“In a way it’s better to get a PG-13 than a PG for certain movies,” Spielberg concurred in the same article. “Sometimes PG, unless it’s for an animated movie, it turns a lot of young people off. They think it’s going to be too below their radar and they tend to want to say, ‘Well, PG-13 might have a little bit of hot sauce on it.’”

When it comes to the box-office performance of PG-13 movies, the numbers speak for themselves. Of the top 10 highest-grossing films worldwide, all but one (that’s Disney’s Frozen) have a PG-13 rating. The most successful R-rated movie of all time, at the time of writing, is Deadpool – which, with a current international gross of $756 million, places it behind The Amazing Spider-Man as the 66th biggest film of all time.

Little wonder, then, that as the budgets for movies have increased and the appetite for superhero movies has grown, studios have increasingly sought to make their major films fit a PG-13 certificate. As this article from The Dissolve (a site now sadly defunct) points out, this has resulted in franchises once aimed at an older audience – The Terminator, Die Hard – bent and softened to fit the PG-13 mould.

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The industry’s desire to up the ante in terms of action while staying within the remit of the PG-13 (or 12A) guidelines creates problems of its own. You’re now as likely to see a PG-13 rating applied to a fantastical space adventure with relatively light moments of violence, like Star Wars: The Force Awakens, as you are to a film like Zack Snyder’s theatrical version of Sucker Punch, with its dark scenes of abuse, fleeting glimpses of erotic dancers and the lingering threat of lobotomisation. 

The broad gamut of acceptable violence tolerated by the MPAA for a PG-13 film was highlighted in a 2013 study published by the American Academy of Pediatrics. Through analyzing 30 of the top-grossing films from each year between 1950 to 2012, the study concluded that the number of violent shootings in PG-13 movies had tripled since the rating’s introduction in 1984. The study also found that, while sex scenes are relegated to R-rated movies, PG-13 movies are now more likely to contain gun violence than an R movie.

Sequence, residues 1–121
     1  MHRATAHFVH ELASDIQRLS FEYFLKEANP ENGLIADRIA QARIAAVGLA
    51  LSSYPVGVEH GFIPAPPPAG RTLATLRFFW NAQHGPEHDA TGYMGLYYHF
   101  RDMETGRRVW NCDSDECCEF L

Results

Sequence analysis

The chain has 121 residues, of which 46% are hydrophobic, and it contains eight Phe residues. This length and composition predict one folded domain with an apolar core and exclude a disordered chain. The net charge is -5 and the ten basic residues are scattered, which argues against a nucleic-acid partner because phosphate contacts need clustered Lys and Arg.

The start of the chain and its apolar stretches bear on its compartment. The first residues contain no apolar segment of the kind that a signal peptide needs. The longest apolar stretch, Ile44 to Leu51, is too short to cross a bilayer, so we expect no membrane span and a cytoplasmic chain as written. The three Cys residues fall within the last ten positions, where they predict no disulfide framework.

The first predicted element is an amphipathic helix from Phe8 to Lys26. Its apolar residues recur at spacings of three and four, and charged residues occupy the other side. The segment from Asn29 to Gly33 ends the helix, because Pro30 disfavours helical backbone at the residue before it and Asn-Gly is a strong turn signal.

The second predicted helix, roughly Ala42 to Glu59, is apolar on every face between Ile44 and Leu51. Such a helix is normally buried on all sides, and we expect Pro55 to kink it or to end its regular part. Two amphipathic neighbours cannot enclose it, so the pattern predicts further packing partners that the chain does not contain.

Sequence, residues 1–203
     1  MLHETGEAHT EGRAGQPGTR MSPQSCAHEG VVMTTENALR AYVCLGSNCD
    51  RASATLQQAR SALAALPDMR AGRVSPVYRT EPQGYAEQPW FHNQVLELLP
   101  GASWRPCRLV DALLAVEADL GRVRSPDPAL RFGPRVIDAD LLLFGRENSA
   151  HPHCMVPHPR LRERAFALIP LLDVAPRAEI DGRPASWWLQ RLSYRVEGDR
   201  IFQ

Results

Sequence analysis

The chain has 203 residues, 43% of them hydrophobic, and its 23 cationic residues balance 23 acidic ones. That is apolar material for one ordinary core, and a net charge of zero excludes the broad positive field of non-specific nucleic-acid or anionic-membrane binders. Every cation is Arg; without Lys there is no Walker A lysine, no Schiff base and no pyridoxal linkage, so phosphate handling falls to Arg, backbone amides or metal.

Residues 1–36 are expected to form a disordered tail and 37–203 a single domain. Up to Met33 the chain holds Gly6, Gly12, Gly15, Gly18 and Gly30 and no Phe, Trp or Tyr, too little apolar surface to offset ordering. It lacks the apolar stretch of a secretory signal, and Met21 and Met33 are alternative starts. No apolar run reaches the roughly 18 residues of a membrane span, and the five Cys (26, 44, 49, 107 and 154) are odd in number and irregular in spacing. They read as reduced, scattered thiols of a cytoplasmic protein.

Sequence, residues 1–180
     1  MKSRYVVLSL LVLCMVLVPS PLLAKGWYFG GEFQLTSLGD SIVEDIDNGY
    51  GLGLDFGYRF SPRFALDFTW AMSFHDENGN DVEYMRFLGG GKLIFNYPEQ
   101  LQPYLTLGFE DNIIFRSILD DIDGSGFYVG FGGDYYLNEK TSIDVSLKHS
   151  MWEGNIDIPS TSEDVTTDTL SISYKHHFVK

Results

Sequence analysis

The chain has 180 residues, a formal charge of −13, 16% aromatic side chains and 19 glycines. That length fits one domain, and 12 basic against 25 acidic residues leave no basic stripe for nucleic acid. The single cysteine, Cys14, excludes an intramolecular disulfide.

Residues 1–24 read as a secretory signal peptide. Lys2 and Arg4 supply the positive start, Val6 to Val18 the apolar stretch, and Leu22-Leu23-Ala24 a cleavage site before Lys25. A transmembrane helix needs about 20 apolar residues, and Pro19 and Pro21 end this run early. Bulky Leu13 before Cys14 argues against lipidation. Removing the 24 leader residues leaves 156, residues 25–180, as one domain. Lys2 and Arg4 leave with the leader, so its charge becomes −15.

“By the standards of the MPAA,” the study’s co-author Brad Bushman said, “PG-13 movies shouldn’t have as much violence as R-rated movies, but they clearly do. It appears sex scenes are more likely to result in an R rating than scenes of violence.”

In fairness, the study’s as much of an indication of audience appetites as it is the kind of content that’s waved through by the MPAA; we’re talking about the 30 most financially successful film of any given year, after all. It’s also worth pointing out that the MPAA actually rates its movies based on advice from parents. Unlike the UK’s ratings board, which tends to employ examiners with backgrounds in film or child development, the MPAA has eight average, anonymous American parents watch each film and provide their opinions as to which rating it should receive.

Wherever you stand in the ongoing debate about violence in PG-13 films – and the MPAA has been accused of “ratings creep” for years – the situation the classification board finds itself is somewhat ironic.

The PG-13 rating was brought in as a middle-ground between the “may not be suitable for children” content of a PG film and the “contains some adult material” gamut of an R-rated movie. Yet through a mixture of shifting tastes, changing social mores and commercial forces, parents are now just as likely to be startled by the violence in a PG-13 film as they were a PG film back in 1984. The likes of Frozen or Inside Out aside, the G and PG ratings have largely been pushed aside. In all but a few raunchy comedies or more graphic action thrillers (Deadpool, Gone Girl), the R rating has been carefully avoided by studios.

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With PG-13 now the lucrative, popular middle ground among audiences and studios alike, the story’s effectively come full circle: the suitability of a given movie is, for better or worse, up to the individual viewer to decide.